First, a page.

The call to minister the gospel to the ends of the earth is not an easy one. I am afraid we give up too quickly and let obstacles stop us from sharing the Good News with those who have never heard. Some of those obstacles are what happens in our own minds; excuses that we create because we have lost our boldness and passion to save the lost.
If you have read the biographies of missionaries like C. T. Studd, Adoniram Judson, Hudson Taylor, William Cary, Jim Elliot and many others, you know they stopped at nothing to share the gospel with the unsaved. Suffering, separation from family, starvation and illness, lack of ordinary comforts, and loss of everything, including their spouse was a price they were willing to pay.
We should remind ourselves of Barnabas and Saul when they were sent out by the Holy Spirit and the Antioch church, they arrived at places like Salamis and immediately “proclaimed the Word of God in the synagogues of the Jews…they had gone through the whole island” (Acts 13:5-6). They gave no thought to the risks that might be involved.
We often think the risks of sharing the gospel to the unreached are too high today. Was the risk too high for John Chau who lost his life in seeking to reach an unreached people group. For these, the risk was small compared to the eternal gain of souls brought into the kingdom of God. In the case of all those mentioned here, the risk was worth receiving the eternal reward!
As I closed this month’s newsletter for NFI, Revelation 5 came to mind. We rightly think of all the preaching, witnessing, and years of hard missionary work learning languages and translation. Then there are the billions of dollars that have been spent over centuries. Great as all these have been, I have no doubt that the prayers that have gone up to God, pleading with Him to spread the gospel and open hearts, will remain as eternal incense to God.
“And when He had taken the scroll, the four living creatures and the twenty-four elders fell down before the Lamb, each holding a harp, and golden bowls full of incense, which are the prayers of the saints. And they sang a new song, saying, “Worthy are You to take the scroll and to open its seals, for You were slain, and by Your blood You ransomed people for God from every tribe and language and people and nation” (5:8–9).
Hospitals, schools, wells, organizations and all the funding that goes into missionary effort is never mentioned in Revelation. The prayers of the saints are! Not only that, they carry with them an aroma, as if they were a sacrifice of Christ. Such prayers are answered by redeeming “people for God from every tribe and language and people and nation!” We could not do anything greater than give ourselves to prayer. They have eternal consequences.
Whether we look at the expansive universe through a telescope or a tiny cross section of the human DNA through a microscope, we are looking at a revelation of God’s “invisible attributes” and “eternal power.” For those who do not believe in God and reject Him, Paul has something to say;
“For what can be known about God is plain to them, because God has shown it to them. For His invisible attributes, namely, His eternal power and divine nature, have been clearly perceived, ever since the creation of the world, in the things that have been made” (Romans 1:19-20)
How sad that so many have rejected this evidence. Paul said earlier in this chapter that such persons “by their unrighteousness suppress the truth” and it becomes a willful act of the mind and heart to reject the evidence God has given in His own creation.
Those of us who believe and know God personally should value the revelation of Himself in His creation as well as the authority of God’s Word, the Bible. It is “from Him and through Him and to Him are all things. To him be glory forever. Amen” (Romans 11:36).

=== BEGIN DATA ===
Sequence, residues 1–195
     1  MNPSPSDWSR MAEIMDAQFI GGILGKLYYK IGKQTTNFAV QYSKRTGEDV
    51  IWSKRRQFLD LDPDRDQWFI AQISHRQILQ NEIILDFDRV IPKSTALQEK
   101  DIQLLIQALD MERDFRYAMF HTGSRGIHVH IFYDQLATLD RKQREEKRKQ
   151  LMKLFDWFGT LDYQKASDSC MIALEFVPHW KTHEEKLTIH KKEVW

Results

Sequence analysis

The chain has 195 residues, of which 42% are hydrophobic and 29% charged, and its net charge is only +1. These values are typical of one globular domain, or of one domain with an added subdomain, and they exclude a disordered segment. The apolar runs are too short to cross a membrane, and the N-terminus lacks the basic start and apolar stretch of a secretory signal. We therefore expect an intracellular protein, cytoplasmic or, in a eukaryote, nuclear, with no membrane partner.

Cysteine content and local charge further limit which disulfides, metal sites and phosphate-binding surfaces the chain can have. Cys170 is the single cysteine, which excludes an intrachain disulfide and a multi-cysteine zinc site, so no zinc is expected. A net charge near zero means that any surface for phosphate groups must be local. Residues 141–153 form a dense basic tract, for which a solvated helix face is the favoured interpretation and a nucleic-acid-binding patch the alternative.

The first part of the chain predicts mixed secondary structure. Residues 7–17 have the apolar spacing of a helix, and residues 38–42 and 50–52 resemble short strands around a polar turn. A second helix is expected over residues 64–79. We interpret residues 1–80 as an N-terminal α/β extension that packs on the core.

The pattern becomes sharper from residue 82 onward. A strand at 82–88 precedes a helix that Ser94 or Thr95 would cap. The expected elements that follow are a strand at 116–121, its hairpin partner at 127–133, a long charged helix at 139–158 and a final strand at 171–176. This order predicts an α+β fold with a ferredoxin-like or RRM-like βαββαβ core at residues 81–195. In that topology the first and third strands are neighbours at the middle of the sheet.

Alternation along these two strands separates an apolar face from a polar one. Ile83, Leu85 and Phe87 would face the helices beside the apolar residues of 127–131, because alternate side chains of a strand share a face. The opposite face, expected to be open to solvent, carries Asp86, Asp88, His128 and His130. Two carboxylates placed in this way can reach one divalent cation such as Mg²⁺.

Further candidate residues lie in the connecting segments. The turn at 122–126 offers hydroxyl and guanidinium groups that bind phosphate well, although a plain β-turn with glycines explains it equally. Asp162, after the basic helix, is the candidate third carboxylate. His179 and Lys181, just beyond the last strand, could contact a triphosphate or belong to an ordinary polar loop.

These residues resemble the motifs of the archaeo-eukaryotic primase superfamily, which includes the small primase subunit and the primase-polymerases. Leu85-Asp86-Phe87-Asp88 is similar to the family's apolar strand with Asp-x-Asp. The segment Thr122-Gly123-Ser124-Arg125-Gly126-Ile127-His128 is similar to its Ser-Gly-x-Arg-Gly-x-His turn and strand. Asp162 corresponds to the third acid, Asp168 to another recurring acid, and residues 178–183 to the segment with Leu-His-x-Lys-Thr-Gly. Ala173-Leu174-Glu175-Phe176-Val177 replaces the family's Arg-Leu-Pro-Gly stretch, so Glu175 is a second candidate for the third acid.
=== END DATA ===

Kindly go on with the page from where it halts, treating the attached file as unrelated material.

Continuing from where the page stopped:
In a world where everything we see, hear, and touch is in some way tainted by sin, it is very hard to believe and acknowledge the sovereignty of God. The argument that so many give, and perhaps our own hearts, is, how can God be in control and sovereign when there is so much evil around us. Paul puts this issue in perspective:
“For from Him and through Him and to Him are all things. To him be glory forever. Amen” (Romans 11:36).
William MacDonald (a man I knew personally) puts this verse into simple terms; “The Almighty is self-contained. He is the source of everything good. He is the active Agent in sustaining and controlling the universe, and He is the Object for which everything has been created. Everything is designed to bring glory to Him.” (NT Believers Bible Commentary, Thomas Nelson, page 544.)
Since this verse in Romans 11 is true, why should we not let this truth control our thinking and replace our anxiety with expectations of what God will finally do with this universe for His glory? If we allow this to control us, we will live now for His purpose, will and glory.
A few years ago, our youngest son went to Nepal with the purpose of looking into a ministry and hiking to base camp of Mount Everest. Because his body was not acclimated to high elevations, he hired a Sherpa to carry his backpack toward the end.
In a similar way, Paul “bows [his] knee before the Father…that according to the riches of His glory He may grant you to be strengthened with power through the Spirit in your inner being” (Ephesians 3:16). Why did Paul want this for these believers? “So that you…may have strength to comprehend with all the saints what is the breadth and length and height and depth, and to know the love of Christ that surpasses knowledge, that you may be filled with all the fullness of God” (Ephesians 3:18–19). Imagine coming to comprehending something that surpasses knowledge?
It would only be through the power and work of “the Spirit in your inner being.” The question for us is; are we letting Him do that? To scale any spiritual mountain, we must have the Spirit’s power giving all that we need. As these spiritual vistas fill our hearts, we will be driven to tell others.
When we look at the entire body of Paul’s writings, containing an amazing scope of truth from the sinfulness of man, God’s saving grace, His eternal purpose for the Church, and how strong biblical leadership will be passed on to the next generations, it is a wonder that there is so much more. We might think that what was revealed to Paul was complete and nothing remained to be told.